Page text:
From Cincinnati to Sheffield, Seville to Seoul, owners of thousands of manufacturing firms in the aerospace supply chain are wondering if they will still have a business at the end of the year.
As Covid-19 lockdowns and other restrictions begin to ease, and governments around the world try to nudge economies back to life, the problems for the multitude of small- and medium-sized enterprises (SMEs) that are the bedrock of the commercial aircraft industry are only beginning.
Deep cleaning of work stations, social distancing in the canteen, and marker tape on the factory floor may help sort out issues on the supply side, by allowing manufacturers to get back to making things. The difficulty is demand – who is going to want their products?
German trade association BDLI has warned that unless Airbus can limp along with production at a level at least half that originally slated for 2020, an entire domestic manufacturing infrastructure that has flourished alongside the European airframer over more than 40 years could collapse.
The crisis is little different in Airbus’s other home nations, and dozens of countries that form part of a complex global supply chain for both big aircraft manufacturers.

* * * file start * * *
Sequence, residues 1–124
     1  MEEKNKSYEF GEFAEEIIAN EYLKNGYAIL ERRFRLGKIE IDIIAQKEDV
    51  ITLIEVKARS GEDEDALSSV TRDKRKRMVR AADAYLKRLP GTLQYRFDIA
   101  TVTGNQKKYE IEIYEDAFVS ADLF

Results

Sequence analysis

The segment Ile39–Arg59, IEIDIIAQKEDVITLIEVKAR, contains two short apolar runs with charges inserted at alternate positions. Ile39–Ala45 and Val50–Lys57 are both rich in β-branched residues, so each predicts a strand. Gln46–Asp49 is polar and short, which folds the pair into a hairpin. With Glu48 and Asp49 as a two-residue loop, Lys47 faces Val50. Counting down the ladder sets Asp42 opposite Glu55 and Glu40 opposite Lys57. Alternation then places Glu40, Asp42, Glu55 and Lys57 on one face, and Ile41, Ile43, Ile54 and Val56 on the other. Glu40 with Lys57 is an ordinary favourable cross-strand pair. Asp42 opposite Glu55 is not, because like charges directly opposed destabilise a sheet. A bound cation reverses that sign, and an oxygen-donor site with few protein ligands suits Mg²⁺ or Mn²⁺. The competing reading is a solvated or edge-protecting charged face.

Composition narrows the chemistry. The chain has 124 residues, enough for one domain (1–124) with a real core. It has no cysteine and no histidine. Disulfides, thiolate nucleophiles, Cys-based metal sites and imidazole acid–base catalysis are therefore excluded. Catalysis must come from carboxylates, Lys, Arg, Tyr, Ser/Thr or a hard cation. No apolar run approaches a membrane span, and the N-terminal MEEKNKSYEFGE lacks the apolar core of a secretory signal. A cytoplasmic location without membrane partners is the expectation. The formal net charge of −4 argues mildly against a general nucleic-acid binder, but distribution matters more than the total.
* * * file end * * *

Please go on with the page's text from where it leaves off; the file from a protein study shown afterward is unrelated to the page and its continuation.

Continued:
SMEs that were being urged to borrow to invest in automation necessary to meet ambitious ramp-up schedules, and stock up on scarce raw materials, have seen their end market vanish in a matter of weeks as a result of stay-at-home orders and travel bans.
It is difficult to see demand returning any time soon, even if flying becomes theoretically possible – and there are big questions over whether combined annual Airbus and Boeing output this year and next can attain that 50% of 2019 production BDLI says is a minimum to keep its members, and others, ticking over.
GE Aviation, Meggitt, Rolls-Royce and Spirit AeroSystems are just some of the first-tier suppliers to have announced major cuts to their workforces. Further down the chain, the job losses may not make the headlines, but the effect is arguably more threatening to business viability, as small companies, often heavily geared and dependent on one customer, have fewer places to hide.
Government-backed furlough schemes and low-interest loans together with customer payments that are still coming in for pre-crisis deliveries may help SMEs through a cash squeeze in the short term. Beyond that, their survival depends ultimately on the resilience of a microscopic parasite and when the world is ready to start flying again.